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If I have a 3mm x 3mm x 3mm piece of copper that conducts a DC current, is there a way to determine its maximum safe current?

I looked into here, and found information for copper wires, shown below. From the chart, a diameter of 3.264 mm corresponds to an area of around 8.36 \$mm^2\$ (area = \$ \pi [d/2]^2\$), while the copper piece has a cross sectional area of 9 \$mm^2\$.

Would I be able to take its cross sectional area and assume similar fusing current limit for a square copper piece?

enter image description here

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  • \$\begingroup\$ A cylinder has less cross-sectional area to surface area than a square prism of the same cross-sectional area. So the square prism will run cooler. If the square prism has more area, then it will cooler still. \$\endgroup\$
    – DKNguyen
    Sep 29, 2020 at 4:33
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    \$\begingroup\$ The fusing limit is based on longer wires I believe. For a cube, the fusing current will depend on how much heat can be removed at the ends. What I mean is, if the ends can remove lots of heat, then it will need more current to fuse. And if the ends are less thermally conductive than 3mm x 3mm copper square bar, then it will need less current to fuse. So the end effects need to be considered. \$\endgroup\$
    – user57037
    Sep 29, 2020 at 5:01
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    \$\begingroup\$ In other words, fusing current tables are for long and skinny wires. Short fat wires may behave differently. \$\endgroup\$
    – user57037
    Sep 29, 2020 at 5:01
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    \$\begingroup\$ That chart looks familiar. ;-) Fusing current is when the temperature gets up to the melting point of the metal, which is not what most people would call "maximum safe" current. You could define a maximum temperature that you'd like to see, and then consider heat loss by convection, radiation and conduction to the environment. Resistance of copper as a function of temperature is well known. Radiation and convection are quite nonlinear so it's not an easy problem to solve without simulation. \$\endgroup\$ Sep 29, 2020 at 5:24
  • \$\begingroup\$ The table you have linked, IMO is a current when that piece of metal melts down - fusing current. No way that 9mm2 conductor carry 472A, it would be used approx. up to 50A for a insulated installation wire. \$\endgroup\$ Sep 29, 2020 at 7:43

2 Answers 2

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A quick and dirty, approximate way to approach this would by by using an ampacity table rather than a fusing current table. As you observed, your conductor has approximately the same cross-sectional area as 8 AWG wire. Ampacity tables for 8 AWG wire show current limits ranging from 40-50 Amps or so.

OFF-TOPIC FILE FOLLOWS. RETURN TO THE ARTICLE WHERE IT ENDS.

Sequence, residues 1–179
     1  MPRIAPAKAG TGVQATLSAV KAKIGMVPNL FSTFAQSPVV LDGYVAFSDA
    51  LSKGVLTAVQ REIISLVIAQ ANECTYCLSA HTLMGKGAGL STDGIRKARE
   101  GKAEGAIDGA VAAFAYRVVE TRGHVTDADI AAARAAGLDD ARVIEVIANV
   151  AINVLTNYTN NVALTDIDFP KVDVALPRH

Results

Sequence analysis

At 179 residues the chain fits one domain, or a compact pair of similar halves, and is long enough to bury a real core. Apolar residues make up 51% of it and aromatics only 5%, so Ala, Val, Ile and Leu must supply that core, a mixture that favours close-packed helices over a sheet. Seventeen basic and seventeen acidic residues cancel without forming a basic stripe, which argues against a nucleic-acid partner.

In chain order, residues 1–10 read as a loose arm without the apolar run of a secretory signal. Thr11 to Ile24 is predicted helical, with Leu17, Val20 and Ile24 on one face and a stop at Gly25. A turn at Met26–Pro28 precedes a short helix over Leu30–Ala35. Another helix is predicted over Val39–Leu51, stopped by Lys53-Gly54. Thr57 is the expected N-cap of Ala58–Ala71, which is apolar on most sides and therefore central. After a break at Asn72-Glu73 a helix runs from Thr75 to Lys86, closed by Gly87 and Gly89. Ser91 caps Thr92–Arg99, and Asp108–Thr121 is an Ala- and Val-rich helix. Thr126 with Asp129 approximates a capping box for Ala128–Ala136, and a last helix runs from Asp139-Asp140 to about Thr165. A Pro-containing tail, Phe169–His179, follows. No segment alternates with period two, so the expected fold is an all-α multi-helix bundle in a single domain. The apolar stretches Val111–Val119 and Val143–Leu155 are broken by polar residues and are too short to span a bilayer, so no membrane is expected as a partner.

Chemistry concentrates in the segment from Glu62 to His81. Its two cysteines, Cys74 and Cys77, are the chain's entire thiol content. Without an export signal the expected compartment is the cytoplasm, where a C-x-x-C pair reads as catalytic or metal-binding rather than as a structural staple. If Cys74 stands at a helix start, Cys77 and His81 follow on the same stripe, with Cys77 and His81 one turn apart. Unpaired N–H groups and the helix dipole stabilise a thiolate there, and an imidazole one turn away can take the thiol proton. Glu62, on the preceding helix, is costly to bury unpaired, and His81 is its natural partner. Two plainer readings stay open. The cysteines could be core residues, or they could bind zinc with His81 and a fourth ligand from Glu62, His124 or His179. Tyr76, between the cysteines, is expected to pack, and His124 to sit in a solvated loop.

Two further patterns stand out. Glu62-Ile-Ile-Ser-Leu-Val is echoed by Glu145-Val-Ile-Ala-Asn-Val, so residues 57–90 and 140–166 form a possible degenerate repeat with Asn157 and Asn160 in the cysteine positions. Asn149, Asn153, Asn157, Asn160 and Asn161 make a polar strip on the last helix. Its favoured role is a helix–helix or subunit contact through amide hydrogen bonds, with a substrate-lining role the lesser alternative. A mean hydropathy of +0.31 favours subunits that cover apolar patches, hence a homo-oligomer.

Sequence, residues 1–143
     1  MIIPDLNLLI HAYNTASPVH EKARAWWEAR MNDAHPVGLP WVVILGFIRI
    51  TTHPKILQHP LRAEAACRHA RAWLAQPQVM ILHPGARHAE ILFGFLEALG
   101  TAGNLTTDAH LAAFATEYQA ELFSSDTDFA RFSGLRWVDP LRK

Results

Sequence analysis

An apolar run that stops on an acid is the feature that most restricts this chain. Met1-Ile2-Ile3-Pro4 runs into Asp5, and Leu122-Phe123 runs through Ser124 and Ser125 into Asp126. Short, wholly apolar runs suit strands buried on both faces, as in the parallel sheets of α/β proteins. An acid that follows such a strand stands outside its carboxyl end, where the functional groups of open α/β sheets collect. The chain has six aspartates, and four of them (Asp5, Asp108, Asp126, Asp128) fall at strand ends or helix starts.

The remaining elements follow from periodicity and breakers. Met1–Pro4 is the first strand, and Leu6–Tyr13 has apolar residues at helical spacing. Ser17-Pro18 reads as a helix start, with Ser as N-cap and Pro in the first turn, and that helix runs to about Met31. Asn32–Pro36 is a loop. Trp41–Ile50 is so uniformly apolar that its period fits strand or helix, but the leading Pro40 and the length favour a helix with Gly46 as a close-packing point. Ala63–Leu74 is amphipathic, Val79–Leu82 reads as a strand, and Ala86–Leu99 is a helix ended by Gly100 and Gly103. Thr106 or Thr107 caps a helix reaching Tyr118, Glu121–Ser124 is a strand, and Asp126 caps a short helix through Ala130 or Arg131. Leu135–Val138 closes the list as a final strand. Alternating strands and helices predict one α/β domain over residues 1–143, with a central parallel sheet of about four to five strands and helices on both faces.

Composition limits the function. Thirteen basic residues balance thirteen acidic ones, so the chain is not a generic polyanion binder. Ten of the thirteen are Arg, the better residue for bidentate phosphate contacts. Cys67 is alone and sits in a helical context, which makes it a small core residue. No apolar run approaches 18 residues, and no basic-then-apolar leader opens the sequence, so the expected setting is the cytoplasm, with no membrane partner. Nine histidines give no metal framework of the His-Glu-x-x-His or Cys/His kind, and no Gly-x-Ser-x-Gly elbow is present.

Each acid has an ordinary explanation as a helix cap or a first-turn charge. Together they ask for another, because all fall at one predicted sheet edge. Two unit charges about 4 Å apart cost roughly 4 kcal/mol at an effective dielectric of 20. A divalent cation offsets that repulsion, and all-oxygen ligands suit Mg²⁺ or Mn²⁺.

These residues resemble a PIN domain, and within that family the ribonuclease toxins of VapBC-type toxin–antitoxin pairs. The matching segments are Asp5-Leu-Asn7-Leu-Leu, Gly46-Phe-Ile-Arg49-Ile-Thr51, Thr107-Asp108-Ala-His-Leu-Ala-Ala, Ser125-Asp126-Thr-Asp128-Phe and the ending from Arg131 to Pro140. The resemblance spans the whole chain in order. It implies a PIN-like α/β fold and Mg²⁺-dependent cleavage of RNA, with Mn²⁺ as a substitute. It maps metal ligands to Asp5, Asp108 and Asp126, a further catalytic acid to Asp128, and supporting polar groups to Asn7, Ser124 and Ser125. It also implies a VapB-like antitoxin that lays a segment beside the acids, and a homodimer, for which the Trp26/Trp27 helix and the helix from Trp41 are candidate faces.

Ampacity tables are designed with the goal of allowing you to use wire and be confident that it will not exceed the insulation temperature rating. So they generally assume that the wire is in conduit with other wire. Also, they are for long wires. So they do not strictly apply to the situation described in this question. But it still gives a rough idea.

If it is acceptable in your application for the copper cube to become hot, then it is likely that you could safely exceed 50 Amps. The fusing limit given in the chart in the question is DEFINITELY too much current and could risk actually melting the copper.

If your use case involves intermittent high current, the situation may not be too bad. It takes some time for a piece of copper to heat up. So it can probably withstand the fusing current for 10 ms or more without melting. But it may require a long time to cool off again before the next pulse.

In situations like this, experimentation is what I would recommend to gain confidence. Take reasonable precautions during your experiments to make sure you don't get hurt or burn down a building or something. Keep your distance, use protective gear or barriers, and make sure you can de-energize the device remotely (like with a switch or breaker or whatever). Do not put the device between you and your exit path (in case you need to run away). Keep a fire extinguisher handy.

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The resistance of a wire is defined by material, length and cross sectional area,

so apart from temperature, packing, and HF effects at high frequencies, shape doesn't matter.

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